• Martin Francis x House of Fraser, Joins WoolOvers as Chief Customer Officer
  • Christina Scott x Financial Times, Joins News UK as Chief Technology Officer
  • Pierre Woreczek x McDonalds, Joins Kingfisher as Chief Customer Officer
  • Matthew Lawson x Loveholidays.com, Joins Ribble Cycles as Chief Digital Officer
  • Jon Owen x Shop Direct, Joins Ribble Cycles as Chief Executive
  • Sam Diamond x Shopa, Joins Azimo as Head of Marketing
  • Jorg Asmussen x European Central Bank, Joins FundingCircle as Non-Executive Board
  • March 2016
  • Jonathon Brown x M&M Direct, Joins Photobox as COO
  • Ian Chambers x Game Digital, Joins MindCandy as CEO
  • Simon Trim x Sporting Solutions, Joins Sporting Index as CEO
  • Tony Macklin x Immediate Media Co., Joins Staff Finder as Chief Product Officer
  • Julian Elliot x Direct Line, Joins Dentsu Aegis Network as Chief Data Officer
  • Faisal Galaria x Alvarez & Marsal, Joins Octopus Ventures as Entreprenuer in Residence

FinTech People Moves, Q1 2016

We are happy to announce our first in a series of People Moves in FinTech. Below represents a snapshot of some high-profile leadership moves that have taken place across the broader FinTech landscape since the start of the year, both in high-growth SMEs and established businesses. We look forward to providing this valuable insight on a quarterly basis. From just this summary, it is interesting to see the mix of moves from well-known digital businesses and Financial Services into FinTech.

These are not necessarily our placements to be clear, but a holistic view across the digital talent marketplace.

  • Angela Yotov x Barclays, Joins Ratesetter as Head of Legal
  • Ben Brabyn x UKTI, Joins Level39 as Head of Level39
  • Ben Sanders x WorldPay, Joins Pockit as COO
  • Carl Schieble x Moneygram, Joins Ennet as COO
  • Dan Huddart x RSA, Joins Avantia as Chief Technology Officer
  • Darren Schindler x Metro Bank, Joins Property Moose as Executive Chairman
  • Darryl Bowman x Wonga, Joins Funding Circle as Chief Marketing Officer
  • Derek White x Barclays Bank, Joins BBVA as Global Head of Customer Solutions
  • Faisal Galaria x Alvarez & Marsal, Joins Octopus Ventures as Entreprenuer in Residence
  • Gareth Griffiths x ASAP54, Joins Property Partner as VP Marketing
  • Han Veldwijk x MyOrder, Joins Lloyds as Head of FinTech discovery
  • Jalin Somaiya x Property Partner, Joins Pockit as interim CMO
  • James Wise Balderton, Promoted to Partner at Balderton
  • Jim Gunner x HSBC, Joins Ratesetter as NED and Chair of Risk Committee
  • Jo Benton x Gain Capital, Joins Saxo Capital as Head of Marketing and PR
  • Jorg Asmussen x European Central Bank, Joins FundingCircle as Non-Executive Board
  • Kevin McQuillan x BA.com, Joins Aviva Director of Customer Experience
  • Laurent Le Moal x PayPal, Joins PayU as CEO
  • Marieke Flament x Hotels.com, Joins Circle as MD Europe
  • Mark Weedon x MSCI, joins Property Partner as Head of Institutional Development
  • Matt Macri-Waller Benefex, Joins SalaryFinance as Member of Advisory Board
  • Niall Wass x Uber, Joins Atomico as Entrepreneur in Residence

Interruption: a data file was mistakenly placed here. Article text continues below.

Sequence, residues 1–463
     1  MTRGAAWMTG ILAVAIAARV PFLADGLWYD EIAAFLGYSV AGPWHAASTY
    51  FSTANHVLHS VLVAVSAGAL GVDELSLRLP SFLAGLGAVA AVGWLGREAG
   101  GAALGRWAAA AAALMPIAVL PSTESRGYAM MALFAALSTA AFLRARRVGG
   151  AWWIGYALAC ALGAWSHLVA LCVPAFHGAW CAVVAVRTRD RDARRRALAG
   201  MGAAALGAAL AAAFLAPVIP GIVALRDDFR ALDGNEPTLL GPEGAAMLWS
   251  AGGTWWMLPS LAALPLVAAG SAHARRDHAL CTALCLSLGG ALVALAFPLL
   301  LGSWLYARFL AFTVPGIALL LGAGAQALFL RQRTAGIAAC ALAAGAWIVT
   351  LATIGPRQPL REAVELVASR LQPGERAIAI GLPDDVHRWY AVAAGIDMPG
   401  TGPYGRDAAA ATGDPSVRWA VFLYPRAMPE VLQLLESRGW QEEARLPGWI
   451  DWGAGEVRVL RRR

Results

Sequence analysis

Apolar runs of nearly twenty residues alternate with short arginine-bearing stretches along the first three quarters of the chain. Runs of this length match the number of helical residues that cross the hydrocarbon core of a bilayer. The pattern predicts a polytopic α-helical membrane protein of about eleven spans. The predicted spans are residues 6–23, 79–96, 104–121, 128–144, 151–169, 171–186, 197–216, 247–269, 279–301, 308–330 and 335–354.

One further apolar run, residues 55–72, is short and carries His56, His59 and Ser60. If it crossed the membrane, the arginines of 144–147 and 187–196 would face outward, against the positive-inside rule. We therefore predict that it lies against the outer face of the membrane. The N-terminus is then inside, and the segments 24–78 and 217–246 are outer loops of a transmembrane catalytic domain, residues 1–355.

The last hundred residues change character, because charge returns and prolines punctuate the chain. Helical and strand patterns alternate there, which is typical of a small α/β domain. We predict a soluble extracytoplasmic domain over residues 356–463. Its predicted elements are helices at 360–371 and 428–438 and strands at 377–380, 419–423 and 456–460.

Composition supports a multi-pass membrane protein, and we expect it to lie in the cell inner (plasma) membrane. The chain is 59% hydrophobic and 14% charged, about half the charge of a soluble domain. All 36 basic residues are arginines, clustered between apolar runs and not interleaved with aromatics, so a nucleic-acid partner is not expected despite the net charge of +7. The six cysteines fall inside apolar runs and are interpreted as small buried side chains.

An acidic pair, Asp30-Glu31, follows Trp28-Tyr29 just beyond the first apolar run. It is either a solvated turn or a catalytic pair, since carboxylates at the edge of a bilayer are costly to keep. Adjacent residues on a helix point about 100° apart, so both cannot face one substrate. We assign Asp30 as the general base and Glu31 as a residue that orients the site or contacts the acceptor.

• Nick Mcauliffe x Shawbrook, Joins Wellesley as Managing Director
  • Nigel Wilkinson x HSBC, Joins Ratesetter as Head of Commercial Credit
  • Nils Aden x Unibet, Joins CurrencyFair as CMO
  • Paul Marston x Secure Trust Bank, Joins Ratesetter as head of SME lending
  • Paul Muhr x Citi, Joins Finstar Financial Group as Director Capital Markets
  • Phil Marsland x Lloyds, Joins Arrow Global as Chief Operating Officer
  • Rob Moffat Balderton, Promoted to Partner at Balderton
  • Ruth Pearson x Simmons & Simmons, Joins Lendinvest as Legal Council
  • Sam Diamond x Shopa, Joins Azimo as Head of Marketing
  • Seema Desai x GSMA, Joins Zopa as Head of Product
  • Simon Veinuard x Hailo, Joins Travelex as Global Head of Digital
  • Steve Dukes x Wonga, Joins Dollar Financial as Chief Product Officer
  • Steve Pateman x Santander, Joins Shawbrook as CEO
  • Susanne Chisti FinTech Circle, Joins JustLoans Group as Non-Executive Director
  • Vipul Chhabra x Barclaycard, Joins Funding Circle as Global Head of Customer Analytics

If you would like to let us know of a recent hire, if we can assist you with your leadership hiring needs or if you would like advice, please contact amy@princedalepartners.com our FinTech consultant.

Talent & HR Directors in FinTech Breakfast

Last Thursday, we hosted the first Princedale Partners HR & Talent Directors in FinTech breakfast, where guests from 11 of the UK’s leading FinTech business joined us to discuss the unique challenges they face in growing a business in this fast-growing and still very new industry.

We were delighted to be joined by the following guests:

  • World Remit: Chief People Officer, Audrey Stewart
  • JustGiving: Chief People Officer, Andy Meikle
  • World First: Group HR Director, Kelly Jackson
  • Nutmeg: Head of People, Robert Crowley
  • Index Ventures: Director of Talent, Dominic Jacquesson
  • OakNorth Bank: Head of HR, Adria Linder
  • FundingCircle: Former HR Director, Kim Stringer
  • Forward Partners: Head of Talent, Chris Wilkinson
  • Tandem Bank: Head of Talent, Mel Hetherington
  • Transferwise: Global Head of Talent, Thea Fineren
  • Property Partner: Head of People, Nick Yockney

We started by quickly establishing that the combination of growing a technology business while simultaneously adhering to strict regulation did in fact create a melting pot of difficulties un-paralleled in other industries. Furthermore, these challenges range across a variety of areas, such as culture, the hiring and retention of talent, stakeholder (and founder) management, diversity, development, marketing, compliance, growth strategy, internationalisation, investment and more.